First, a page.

Regulatory risk also remains heightened. Many of the mortgage insurers are operating under capital waivers from state insurance regulators allowing them to continue writing new business. Despite the ongoing depletion of capital, however, there appears to be little appetite on the part of either the state insurance regulators or the GSEs to discontinue allowing new business writings or accept the mortgage insurance paper from a counterparty perspective. Indeed, moves by Freddie Mac toward settling a dispute with Mortgage Guaranty Insurance Corporation (MGIC), acceptance of a voluntary runoff plan with higher claim payments for Republic Mortgage Insurance Co. by the North Carolina Department of Insurance, and permitted practices that the Wisconsin Office of the Commissioner of Insurance has allowed appear to be indicative of a shift toward greater accommodation.

We expect the very high credit quality of new insurance being written, combined with improvement in the housing markets and economy, to result in this business being profitable and capital accretive. Nevertheless, significant risks to the economic recovery remain. Should a recession occur in 2013, the declining trend of new notices of default could reverse and claim frequency could increase to an extent that could force several mortgage insurers into regulatory supervision and voluntary run-off.


Fannie Mae and Freddie Mac remain vital cogs in U.S. mortgage finance. The two combined to guarantee roughly 70% of new mortgages in the U.S. through the first nine months of 2012 and are effectively providing market liquidity at a time when private capital remains scarce. They continue to receive the financial support of the U.S. Treasury, and the Federal Reserve has committed to buying $40 billion of their mortgage-backed securities each month until economic conditions improve, meaning rates should stay low. Their financial results have improved because new loan loss provisions have declined, in line with their falling delinquencies, but potential losses within their single-family guarantee portfolios remain substantial. We believe the September 2012 amendments to their investment agreements with the U.S. Treasury ensure that sufficient financial support for these entities remains in place for the foreseeable future, which means they will be able to continue to support the U.S. housing recovery in 2013.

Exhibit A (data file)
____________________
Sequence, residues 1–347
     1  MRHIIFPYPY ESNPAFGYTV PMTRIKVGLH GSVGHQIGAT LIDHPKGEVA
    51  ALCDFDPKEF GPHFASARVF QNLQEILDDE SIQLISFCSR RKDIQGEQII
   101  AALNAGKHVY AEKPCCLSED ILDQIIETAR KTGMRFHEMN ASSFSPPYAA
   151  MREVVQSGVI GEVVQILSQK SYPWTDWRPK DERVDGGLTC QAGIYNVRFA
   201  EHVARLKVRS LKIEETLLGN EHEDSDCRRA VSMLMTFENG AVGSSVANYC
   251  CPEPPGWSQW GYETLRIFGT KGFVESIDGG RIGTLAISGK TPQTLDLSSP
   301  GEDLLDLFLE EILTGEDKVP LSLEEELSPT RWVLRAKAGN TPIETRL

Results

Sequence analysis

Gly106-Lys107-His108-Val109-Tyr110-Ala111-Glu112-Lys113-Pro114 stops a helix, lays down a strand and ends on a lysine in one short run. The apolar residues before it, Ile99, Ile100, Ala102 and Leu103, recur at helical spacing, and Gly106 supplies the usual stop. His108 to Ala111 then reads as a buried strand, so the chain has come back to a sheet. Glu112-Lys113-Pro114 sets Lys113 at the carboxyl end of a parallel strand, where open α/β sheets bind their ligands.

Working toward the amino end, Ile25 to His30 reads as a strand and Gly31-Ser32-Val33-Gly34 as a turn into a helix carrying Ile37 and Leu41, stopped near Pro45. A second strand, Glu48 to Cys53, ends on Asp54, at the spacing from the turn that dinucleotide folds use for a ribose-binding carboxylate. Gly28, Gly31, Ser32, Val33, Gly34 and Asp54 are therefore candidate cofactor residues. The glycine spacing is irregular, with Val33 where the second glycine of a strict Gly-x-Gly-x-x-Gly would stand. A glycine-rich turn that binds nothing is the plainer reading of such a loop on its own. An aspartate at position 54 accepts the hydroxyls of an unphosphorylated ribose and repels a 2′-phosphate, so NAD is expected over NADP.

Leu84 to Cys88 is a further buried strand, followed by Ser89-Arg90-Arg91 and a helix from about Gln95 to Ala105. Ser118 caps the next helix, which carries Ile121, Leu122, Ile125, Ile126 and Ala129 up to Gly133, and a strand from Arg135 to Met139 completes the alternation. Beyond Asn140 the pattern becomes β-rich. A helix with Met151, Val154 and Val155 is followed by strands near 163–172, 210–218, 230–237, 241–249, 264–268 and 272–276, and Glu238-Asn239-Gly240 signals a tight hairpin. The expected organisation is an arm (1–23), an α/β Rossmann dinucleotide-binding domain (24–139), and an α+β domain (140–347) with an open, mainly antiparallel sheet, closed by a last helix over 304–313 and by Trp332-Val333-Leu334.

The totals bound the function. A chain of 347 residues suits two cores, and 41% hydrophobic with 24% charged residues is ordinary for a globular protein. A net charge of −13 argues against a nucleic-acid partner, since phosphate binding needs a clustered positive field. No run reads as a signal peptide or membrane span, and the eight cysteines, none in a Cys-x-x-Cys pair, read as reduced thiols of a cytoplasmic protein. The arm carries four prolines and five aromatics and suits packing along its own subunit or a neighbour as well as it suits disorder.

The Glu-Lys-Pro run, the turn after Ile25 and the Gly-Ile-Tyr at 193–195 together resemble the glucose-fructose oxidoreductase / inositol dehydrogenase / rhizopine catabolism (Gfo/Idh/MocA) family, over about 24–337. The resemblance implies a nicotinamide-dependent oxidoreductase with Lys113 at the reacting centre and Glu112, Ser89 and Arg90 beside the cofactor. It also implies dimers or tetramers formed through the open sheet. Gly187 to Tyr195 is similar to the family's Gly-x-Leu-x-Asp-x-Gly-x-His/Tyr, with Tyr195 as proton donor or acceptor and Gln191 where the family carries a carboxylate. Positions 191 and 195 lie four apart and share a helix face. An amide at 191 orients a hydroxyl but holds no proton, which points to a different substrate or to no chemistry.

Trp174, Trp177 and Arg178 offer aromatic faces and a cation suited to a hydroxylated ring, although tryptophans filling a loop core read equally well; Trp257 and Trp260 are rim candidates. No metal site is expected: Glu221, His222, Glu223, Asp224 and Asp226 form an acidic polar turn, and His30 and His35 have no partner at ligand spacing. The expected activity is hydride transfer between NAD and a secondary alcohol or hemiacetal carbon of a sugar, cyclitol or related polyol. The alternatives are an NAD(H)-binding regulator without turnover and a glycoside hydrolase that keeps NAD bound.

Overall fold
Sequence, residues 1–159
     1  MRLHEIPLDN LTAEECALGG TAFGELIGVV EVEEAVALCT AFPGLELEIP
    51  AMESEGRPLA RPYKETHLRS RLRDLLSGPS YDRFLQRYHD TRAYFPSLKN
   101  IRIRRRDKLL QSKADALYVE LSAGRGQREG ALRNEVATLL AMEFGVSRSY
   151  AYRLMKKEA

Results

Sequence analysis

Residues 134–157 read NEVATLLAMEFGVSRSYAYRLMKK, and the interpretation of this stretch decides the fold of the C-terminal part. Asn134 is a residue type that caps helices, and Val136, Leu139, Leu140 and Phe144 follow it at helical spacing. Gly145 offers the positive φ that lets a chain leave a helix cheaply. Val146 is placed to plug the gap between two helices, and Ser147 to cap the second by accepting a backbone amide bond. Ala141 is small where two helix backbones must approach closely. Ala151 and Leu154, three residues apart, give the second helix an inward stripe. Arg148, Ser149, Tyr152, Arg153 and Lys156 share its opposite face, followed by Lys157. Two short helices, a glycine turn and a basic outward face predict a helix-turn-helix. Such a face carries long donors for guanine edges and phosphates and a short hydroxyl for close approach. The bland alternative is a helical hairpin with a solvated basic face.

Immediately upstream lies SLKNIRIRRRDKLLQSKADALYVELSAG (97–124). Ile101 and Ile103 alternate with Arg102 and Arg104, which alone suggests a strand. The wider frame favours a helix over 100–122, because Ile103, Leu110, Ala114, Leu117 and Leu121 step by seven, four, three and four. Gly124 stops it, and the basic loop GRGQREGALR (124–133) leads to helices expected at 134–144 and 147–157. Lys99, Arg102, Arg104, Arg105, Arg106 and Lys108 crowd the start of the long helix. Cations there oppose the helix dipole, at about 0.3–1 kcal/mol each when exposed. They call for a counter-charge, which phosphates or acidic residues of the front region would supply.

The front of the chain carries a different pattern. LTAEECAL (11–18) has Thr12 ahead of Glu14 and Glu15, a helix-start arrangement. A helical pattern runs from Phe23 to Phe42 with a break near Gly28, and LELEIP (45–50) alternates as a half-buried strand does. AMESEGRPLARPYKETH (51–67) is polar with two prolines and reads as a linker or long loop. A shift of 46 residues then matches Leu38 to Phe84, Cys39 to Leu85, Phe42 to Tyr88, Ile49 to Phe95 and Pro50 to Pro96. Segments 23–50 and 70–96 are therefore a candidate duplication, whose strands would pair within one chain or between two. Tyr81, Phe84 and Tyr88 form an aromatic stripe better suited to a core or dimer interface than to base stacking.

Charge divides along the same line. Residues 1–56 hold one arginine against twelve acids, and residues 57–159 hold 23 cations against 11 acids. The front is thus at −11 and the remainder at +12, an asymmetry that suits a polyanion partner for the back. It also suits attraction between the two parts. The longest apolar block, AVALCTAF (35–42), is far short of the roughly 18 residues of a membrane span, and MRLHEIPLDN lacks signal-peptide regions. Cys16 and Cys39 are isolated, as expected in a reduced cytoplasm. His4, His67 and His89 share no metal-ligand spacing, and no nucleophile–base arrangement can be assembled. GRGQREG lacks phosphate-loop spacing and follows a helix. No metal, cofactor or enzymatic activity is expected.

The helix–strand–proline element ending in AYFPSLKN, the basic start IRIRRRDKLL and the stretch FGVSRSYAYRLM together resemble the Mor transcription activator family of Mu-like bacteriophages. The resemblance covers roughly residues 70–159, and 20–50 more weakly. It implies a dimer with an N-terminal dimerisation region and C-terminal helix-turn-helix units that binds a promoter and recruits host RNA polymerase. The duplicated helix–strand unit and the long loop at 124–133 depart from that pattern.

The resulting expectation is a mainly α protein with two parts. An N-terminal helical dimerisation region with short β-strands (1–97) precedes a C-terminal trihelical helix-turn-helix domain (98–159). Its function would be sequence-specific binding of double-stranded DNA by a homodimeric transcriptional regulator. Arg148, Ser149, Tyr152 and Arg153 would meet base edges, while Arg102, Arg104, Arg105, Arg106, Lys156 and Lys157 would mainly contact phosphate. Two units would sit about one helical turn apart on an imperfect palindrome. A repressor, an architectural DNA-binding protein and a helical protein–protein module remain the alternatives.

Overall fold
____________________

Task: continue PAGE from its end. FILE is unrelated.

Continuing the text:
For more than a decade, U.S. public finance issuers have faced increasing competition from commercial lenders for the first-time low- to moderate-income homebuyers they traditionally serve. Competitive mortgage products and persistent low interest rates have caused many U.S. housing finance agencies (HFAs) to use variable-rate debt, coupled with hedges and other structures, to enable them to actively issue bonds while maintaining competitively low rates. Because HFAs’ mission is to provide affordable housing options for low- to moderate-income families, some of these issuers have searched for alternatives to mortgage revenue bonds for financing loans and have used these methods more increasingly in 2012.

We found that these issuers are using a variety of mortgage product options to fund their programs. These options include mortgage-backed securities (MBS) to the “to be announced” (TBA) market, the forward trade of Ginnie Mae issued MBS that guarantee HFA originated mortgages with delivery of the MBS to the market investor prior to the established trade settlement date, and direct purchase loan participation pool sales to financial institutions. In addition, HFAs are originating home mortgages under their guidelines, insured by the federal government under the Federal Housing Administration (FHA), and selling them directly to financial institutions. They are also originating whole loan HFA program guidelines and selling directly to GSEs (Fannie Mae or Freddie Mac) for cash.

The investors in the HFAs’ alternative funding products vary. Fannie Mae and Freddie Mac purchase whole loans directly from the HFAs through various programs that include recourse to the HFA during the earlier part of the loan’s term. Market activity suggests that insurance companies, individual investors, and some institutional investors (through brokers) are purchasing MBS through the TBA market. We expect this shift in mortgage funding among HFA issuers to prevail in 2013 and over the long term. While direct sales of loans to the GSEs remain a viable alternative for the HFAs, the agencies’ receivership status may impair their long-term capacity to purchase whole loans. As the U.S. public housing sector continues to evolve, HFAs’ ability to identify and use alternative sources for mortgage funding, while also recognizing and mitigating the risks of these alternative options, will be critical to their credit strength and, ultimately, to their sustainability over time.